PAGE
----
Central Islip woman found guilty of murdering Aquebogue man

A Suffolk County jury on Tuesday found a Central Islip woman guilty of murdering an Aquebogue man in 2020 and forging his will in an attempt to inherit his estate.

Donatila O’Mahony, 42, was convicted of second-degree murder, second-degree criminal possession of a forged instrument and second-degree attempted grand larceny by the jury of seven women and five men.

“The motive for this murder was greed, pure and simple,” Suffolk County District Attorney Ray Tierney said in a statement after the verdict was handed down. “Hopefully the victim’s loved ones will now have a small measure of justice knowing his killer will be held responsible for her actions.” 

The victim, 69-year-old Lee Pedersen, was found dead in his Aquebogue home on March 8, 2020, with a single gunshot wound to the back of his head.

Detectives recovered surveillance footage, cellphone records and testimony during a nine-month investigation into his death that led to Ms. O’Mahony’s arrest that December. 

“It’s just such a relief,” Lorraine Roth, a neighbor of Mr. Pedersen’s from Lynbrook, said following Tuesday’s verdict. “Every night I’d pray and talk to Lee that the verdict would be just. We found out things [about Lee] that we never knew, but nobody deserves that kind of treatment … He was a very good person,” Ms. Roth said.

During the trial, prosecutors relied on the testimony of George Woodworth, a 76-year-old New Jersey man who admitted to purchasing two handguns for the defendant to use in the shooting and letting her borrow his car on the night of the murder.

Mr. Woodworth later disposed of clothing and the handgun used in the shooting in various New Jersey dumpsters, but kept a plastic bag of unused ammunition in a bedroom closet. Detectives recovered the bag, which was swabbed by forensic scientists at the Suffolk County Crime Lab and revealed the presence of both Ms. O’Mahony’s and Mr. Pedersen’s DNA.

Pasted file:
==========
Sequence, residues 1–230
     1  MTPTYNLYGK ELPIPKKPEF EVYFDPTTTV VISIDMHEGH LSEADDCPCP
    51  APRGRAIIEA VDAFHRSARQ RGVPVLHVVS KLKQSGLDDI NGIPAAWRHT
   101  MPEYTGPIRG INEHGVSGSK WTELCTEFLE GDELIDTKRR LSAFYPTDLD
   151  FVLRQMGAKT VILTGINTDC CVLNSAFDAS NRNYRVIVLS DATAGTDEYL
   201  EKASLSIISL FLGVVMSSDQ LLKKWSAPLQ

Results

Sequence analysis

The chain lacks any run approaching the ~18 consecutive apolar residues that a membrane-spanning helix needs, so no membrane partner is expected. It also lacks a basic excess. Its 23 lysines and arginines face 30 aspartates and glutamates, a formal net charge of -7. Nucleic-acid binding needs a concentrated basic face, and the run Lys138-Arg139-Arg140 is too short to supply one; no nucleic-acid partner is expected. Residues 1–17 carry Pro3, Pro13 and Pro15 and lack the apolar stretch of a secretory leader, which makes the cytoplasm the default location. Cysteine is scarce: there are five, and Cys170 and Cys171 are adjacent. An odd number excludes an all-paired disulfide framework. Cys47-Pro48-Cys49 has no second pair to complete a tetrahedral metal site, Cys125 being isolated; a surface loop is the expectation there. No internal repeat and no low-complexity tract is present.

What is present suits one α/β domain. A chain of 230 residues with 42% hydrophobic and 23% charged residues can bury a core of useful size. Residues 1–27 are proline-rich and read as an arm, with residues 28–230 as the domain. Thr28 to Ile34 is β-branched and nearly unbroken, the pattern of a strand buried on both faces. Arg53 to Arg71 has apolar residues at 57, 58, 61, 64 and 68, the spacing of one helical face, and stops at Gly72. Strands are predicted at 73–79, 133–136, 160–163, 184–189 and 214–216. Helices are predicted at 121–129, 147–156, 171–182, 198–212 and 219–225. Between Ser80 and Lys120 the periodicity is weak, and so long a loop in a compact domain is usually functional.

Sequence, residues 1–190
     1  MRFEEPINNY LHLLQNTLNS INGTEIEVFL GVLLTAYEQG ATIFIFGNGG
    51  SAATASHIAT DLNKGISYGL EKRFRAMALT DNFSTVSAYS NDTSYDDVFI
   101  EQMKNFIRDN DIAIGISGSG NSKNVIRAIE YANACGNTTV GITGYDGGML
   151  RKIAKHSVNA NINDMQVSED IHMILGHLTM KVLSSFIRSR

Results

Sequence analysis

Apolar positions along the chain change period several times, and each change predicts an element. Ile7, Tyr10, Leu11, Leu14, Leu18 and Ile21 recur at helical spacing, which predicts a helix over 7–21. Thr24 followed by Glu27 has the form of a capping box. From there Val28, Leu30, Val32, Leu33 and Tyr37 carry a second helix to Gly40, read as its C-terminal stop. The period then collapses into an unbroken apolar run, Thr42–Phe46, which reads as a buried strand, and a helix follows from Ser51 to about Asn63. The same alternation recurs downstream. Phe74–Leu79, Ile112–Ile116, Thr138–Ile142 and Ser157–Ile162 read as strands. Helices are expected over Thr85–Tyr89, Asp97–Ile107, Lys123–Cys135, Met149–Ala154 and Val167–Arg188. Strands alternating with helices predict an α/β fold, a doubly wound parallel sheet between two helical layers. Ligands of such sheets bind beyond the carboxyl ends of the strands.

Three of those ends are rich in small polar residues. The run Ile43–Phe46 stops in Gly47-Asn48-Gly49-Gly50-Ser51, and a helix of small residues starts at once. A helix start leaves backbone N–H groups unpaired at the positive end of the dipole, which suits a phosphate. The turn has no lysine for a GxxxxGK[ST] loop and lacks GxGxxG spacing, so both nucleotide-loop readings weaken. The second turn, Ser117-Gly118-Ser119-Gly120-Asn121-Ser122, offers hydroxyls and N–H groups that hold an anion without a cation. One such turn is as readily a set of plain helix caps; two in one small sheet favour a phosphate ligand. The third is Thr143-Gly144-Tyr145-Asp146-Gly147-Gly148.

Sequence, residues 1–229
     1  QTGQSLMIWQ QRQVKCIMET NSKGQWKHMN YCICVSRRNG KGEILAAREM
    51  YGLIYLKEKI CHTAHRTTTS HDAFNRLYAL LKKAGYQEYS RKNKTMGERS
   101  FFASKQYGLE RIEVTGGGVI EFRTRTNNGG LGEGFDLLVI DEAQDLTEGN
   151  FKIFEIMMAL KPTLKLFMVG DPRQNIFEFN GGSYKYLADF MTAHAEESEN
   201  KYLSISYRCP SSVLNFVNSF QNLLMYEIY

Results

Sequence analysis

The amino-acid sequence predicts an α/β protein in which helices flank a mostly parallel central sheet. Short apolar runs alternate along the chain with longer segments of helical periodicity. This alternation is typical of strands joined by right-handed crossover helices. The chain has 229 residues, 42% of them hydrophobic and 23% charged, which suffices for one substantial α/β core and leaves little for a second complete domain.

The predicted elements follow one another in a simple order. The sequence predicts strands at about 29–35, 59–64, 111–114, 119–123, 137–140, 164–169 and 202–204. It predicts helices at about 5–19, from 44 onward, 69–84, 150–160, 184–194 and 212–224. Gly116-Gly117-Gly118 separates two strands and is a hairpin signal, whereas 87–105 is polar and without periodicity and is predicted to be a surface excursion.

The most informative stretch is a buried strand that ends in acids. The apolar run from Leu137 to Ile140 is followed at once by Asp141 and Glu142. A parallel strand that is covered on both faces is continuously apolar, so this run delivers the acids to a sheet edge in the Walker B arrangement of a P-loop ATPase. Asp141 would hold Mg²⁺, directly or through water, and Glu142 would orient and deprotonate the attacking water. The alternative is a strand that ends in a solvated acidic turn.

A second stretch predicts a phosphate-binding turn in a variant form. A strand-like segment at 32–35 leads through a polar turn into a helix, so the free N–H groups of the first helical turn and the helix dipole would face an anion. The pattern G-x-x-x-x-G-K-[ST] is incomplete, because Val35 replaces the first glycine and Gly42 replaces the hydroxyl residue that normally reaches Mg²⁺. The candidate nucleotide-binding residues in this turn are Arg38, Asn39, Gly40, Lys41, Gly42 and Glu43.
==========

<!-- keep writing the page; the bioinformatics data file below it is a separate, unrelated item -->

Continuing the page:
In the weeks following his death, Ms. O’Mahony set out to forge Mr. Pedersen’s will in an attempt to obtain his Pine Avenue home in Aquebogue.

Prosecutors maintained that Ms. O’Mahony knew she was listed as a beneficiary in his real last will and testament, and was set to inherit another residence Mr. Pedersen owned in Lynbrook. 

Assistant district attorney Frank Schroeder told jurors in an opening statement that Ms. O’Mahony decided to “speed up” the process.

“She couldn’t wait for her inheritance,” Mr. Schroeder said, characterizing the crime as one of “horrific greed.”

Unaware that police already had a copy of Mr. Pedersen’s will, which listed another close family friend as the executor who would inherit the Aquebogue home, Ms. O’Mahony later produced her own version of the document that instead named her executor and put both the Lynbrook and Aquebogue residences in her name. 

During the trial, defense attorney Ira Weissman conceded that although the defendant filed a fraudulent will, that doesn’t make her guilty of murder.

Leaving the courtroom Tuesday, Mr. Weissman said it isn’t the outcome he hoped for. “We’re disappointed in the verdict,” he said. “We’ll figure out what our next step is.”

This was the second time Ms. O’Mahony was tried before Judge Timothy Mazzei. The first trial, held in October, ended abruptly in a mistrial after a juror recognized a relative of the defendant’s outside the courthouse.

Ms. O’Mahony faces a maximum of 25 years to life in prison and is due back in court for sentencing on Feb. 28, according to the DA’s office.